That’s the playing staff done then (insert shameless plug for part one & part two here) but some changes away from the first team and off the pitch that need to occur as well. They aren’t wholesale changes but they are still very much significant. While the clubs underperformance on the pitch was the focus of the protest last weekend, matters off it definitely contributed to a scenario that could have been easily avoided by Everton Football Club.
The Manager: We all know there needs to be a managerial change, here are a few names for you: http://www.evertonarentwe.com/2016/03/31/options/
Pre-Season: There are two elements of pre-season that should, at the very least, be examined before next seasons plans are made. The first are the pre-season targets Two semi-finals and a bottom half finish is not good enough, there is no debate to be had there, if they are set at all between Kenwright and Martinez, need to be upped next season. Ambition breeds success. I never really brought into Neville Southall’s view of “always start the league looking to win it”, but with the performances of Leicester and Spurs, it doesn’t seem all that ridiculous anymore. Rather than setting a target, the board should set a minimum requirement for next season. In my opinion, that should be European football. Sadly, we have regressed significantly within two years, to the point where we need to look to rebuild to where we were three seasons ago.
As well as these targets, the actual organisation of pre-season needs to be scrutinised also. Most Everton players that returned to the club after the 2014 World Cup still didn’t seem anywhere near complete fitness as the Christmas period closed in during the following season. Even without any international competition last summer, returning player still struggled to regain their fitness. It doesn’t take a genius to realise that a pre-season focused on the football is partly at fault for this and a focus on fitness needs to return to Everton.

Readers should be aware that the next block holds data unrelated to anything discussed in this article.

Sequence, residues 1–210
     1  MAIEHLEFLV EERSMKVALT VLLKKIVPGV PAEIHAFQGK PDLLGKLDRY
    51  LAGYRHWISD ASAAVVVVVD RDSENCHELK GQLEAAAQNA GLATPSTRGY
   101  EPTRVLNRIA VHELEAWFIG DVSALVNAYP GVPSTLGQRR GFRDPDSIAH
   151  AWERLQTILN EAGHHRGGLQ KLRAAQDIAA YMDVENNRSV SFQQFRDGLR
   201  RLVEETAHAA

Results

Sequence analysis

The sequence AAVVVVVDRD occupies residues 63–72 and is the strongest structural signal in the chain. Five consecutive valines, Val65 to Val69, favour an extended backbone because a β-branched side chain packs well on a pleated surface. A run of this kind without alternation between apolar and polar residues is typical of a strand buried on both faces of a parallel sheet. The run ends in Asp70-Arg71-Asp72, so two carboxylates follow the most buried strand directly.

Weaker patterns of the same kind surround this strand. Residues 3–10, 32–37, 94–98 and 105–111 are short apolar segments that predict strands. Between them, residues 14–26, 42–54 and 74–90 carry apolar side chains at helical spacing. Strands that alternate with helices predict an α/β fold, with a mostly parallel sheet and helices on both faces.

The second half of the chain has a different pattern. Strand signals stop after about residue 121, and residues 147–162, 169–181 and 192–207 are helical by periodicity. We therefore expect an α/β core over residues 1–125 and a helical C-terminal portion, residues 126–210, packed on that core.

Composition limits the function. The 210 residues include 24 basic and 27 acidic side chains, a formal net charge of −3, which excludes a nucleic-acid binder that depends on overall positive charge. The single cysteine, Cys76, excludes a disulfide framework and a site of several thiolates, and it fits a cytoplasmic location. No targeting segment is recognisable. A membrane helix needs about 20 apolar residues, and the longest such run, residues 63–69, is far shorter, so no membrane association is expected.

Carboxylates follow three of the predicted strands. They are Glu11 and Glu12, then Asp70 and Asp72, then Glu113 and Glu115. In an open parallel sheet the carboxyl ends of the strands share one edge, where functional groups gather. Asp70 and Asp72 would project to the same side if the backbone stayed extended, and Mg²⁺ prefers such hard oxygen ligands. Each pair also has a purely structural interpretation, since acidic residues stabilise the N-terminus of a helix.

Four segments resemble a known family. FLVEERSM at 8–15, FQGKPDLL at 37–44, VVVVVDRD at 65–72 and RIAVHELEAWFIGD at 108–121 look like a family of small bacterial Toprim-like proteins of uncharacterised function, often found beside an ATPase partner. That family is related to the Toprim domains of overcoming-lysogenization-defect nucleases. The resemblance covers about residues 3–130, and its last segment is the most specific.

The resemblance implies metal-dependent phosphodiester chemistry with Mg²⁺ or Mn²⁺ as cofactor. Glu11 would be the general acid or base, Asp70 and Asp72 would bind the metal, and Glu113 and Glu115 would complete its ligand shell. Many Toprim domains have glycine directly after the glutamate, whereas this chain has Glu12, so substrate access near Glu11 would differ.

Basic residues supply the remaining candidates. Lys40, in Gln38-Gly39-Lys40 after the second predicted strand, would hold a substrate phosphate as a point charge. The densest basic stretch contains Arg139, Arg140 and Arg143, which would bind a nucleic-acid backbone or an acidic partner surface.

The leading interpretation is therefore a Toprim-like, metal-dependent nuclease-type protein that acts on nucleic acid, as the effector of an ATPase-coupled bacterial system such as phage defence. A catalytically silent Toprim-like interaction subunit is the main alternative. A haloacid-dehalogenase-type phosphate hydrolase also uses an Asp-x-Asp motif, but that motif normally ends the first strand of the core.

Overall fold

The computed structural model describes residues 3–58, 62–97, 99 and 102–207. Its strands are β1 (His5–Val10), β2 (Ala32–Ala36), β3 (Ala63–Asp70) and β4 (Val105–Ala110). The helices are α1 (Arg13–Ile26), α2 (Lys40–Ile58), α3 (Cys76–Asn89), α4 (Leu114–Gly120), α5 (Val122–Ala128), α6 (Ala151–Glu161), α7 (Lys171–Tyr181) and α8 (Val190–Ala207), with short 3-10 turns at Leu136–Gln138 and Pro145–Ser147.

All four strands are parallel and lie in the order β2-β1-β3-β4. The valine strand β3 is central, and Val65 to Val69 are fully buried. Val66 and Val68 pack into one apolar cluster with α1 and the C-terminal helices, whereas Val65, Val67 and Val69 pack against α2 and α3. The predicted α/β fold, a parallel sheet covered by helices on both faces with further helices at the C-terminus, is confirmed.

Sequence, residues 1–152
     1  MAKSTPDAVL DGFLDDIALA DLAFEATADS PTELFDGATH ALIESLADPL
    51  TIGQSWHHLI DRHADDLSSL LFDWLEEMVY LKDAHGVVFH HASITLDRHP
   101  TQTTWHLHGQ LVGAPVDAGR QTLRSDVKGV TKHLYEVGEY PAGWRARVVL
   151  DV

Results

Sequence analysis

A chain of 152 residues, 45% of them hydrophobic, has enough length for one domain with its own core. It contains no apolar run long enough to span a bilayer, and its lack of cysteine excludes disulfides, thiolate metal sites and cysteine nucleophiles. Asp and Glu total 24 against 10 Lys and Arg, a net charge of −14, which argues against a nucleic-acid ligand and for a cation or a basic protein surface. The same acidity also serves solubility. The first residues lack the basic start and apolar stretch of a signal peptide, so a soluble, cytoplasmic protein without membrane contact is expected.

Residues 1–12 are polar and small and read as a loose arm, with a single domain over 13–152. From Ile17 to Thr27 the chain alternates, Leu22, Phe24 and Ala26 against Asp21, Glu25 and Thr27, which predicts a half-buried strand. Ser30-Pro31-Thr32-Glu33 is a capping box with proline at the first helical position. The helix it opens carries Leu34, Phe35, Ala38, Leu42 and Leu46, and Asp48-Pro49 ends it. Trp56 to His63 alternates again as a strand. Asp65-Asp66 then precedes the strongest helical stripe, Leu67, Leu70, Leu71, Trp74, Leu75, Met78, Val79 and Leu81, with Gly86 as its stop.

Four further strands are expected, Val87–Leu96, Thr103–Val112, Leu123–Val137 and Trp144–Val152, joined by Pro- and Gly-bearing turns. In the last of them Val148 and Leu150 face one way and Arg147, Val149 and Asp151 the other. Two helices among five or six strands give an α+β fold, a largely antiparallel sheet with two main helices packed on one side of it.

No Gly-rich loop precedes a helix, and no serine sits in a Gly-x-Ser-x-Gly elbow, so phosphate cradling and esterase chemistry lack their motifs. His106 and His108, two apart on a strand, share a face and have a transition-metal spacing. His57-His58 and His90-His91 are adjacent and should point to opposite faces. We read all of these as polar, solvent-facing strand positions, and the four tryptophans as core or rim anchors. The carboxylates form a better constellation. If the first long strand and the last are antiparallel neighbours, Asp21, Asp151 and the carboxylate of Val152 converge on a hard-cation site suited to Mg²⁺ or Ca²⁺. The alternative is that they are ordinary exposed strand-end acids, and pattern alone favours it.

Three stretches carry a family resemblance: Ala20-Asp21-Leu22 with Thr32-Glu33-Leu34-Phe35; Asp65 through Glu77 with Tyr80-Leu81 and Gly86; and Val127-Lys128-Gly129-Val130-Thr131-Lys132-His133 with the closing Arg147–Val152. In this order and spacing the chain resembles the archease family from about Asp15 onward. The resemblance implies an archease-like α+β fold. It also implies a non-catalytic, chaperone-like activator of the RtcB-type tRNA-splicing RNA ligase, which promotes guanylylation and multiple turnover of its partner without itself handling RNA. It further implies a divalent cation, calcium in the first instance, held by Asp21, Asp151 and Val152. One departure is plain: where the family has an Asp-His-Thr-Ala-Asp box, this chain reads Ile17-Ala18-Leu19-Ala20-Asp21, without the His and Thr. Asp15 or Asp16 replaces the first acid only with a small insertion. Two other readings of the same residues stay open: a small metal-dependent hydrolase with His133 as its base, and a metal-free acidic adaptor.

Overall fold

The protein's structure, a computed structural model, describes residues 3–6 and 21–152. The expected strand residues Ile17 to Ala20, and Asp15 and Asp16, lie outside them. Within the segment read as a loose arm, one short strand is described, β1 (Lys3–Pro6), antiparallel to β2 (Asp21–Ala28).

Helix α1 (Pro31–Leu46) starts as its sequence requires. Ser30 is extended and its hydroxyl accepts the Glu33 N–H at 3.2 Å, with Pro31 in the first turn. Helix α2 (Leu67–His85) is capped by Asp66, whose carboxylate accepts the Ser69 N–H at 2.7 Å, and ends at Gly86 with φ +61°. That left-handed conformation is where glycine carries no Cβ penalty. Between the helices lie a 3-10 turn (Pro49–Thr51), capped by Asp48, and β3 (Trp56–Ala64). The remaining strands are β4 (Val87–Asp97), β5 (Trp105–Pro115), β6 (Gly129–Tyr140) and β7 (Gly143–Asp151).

Youth Development: Contrary to popular belief, Everton’s youth progression hasn’t exactly been outstanding in recent years. That is not to say the youth coaching has been poor, the opposite in fact. Those in charge at youth level have done an excellent job and we now see more prospects than ever seemingly capable of becoming a part of the first team squad. However the development of the next generation of players seems to have hit something of a glass ceiling. Those who perform well in the Under-21s are not often afforded the minutes in the first team, which they need in order to make the next step. It’s all well and good waxing lyrical about the prospects and their potential in years to come, but Everton have created problems for themselves in recent years through an unwillingness to promote young players into the first team. There is now a stockpile of players who need to be given first team opportunities in order to examine if they have a future at the top level. Rather than including some of these players in a match day squad, the place is usually given to an ageing player who has very little to offer.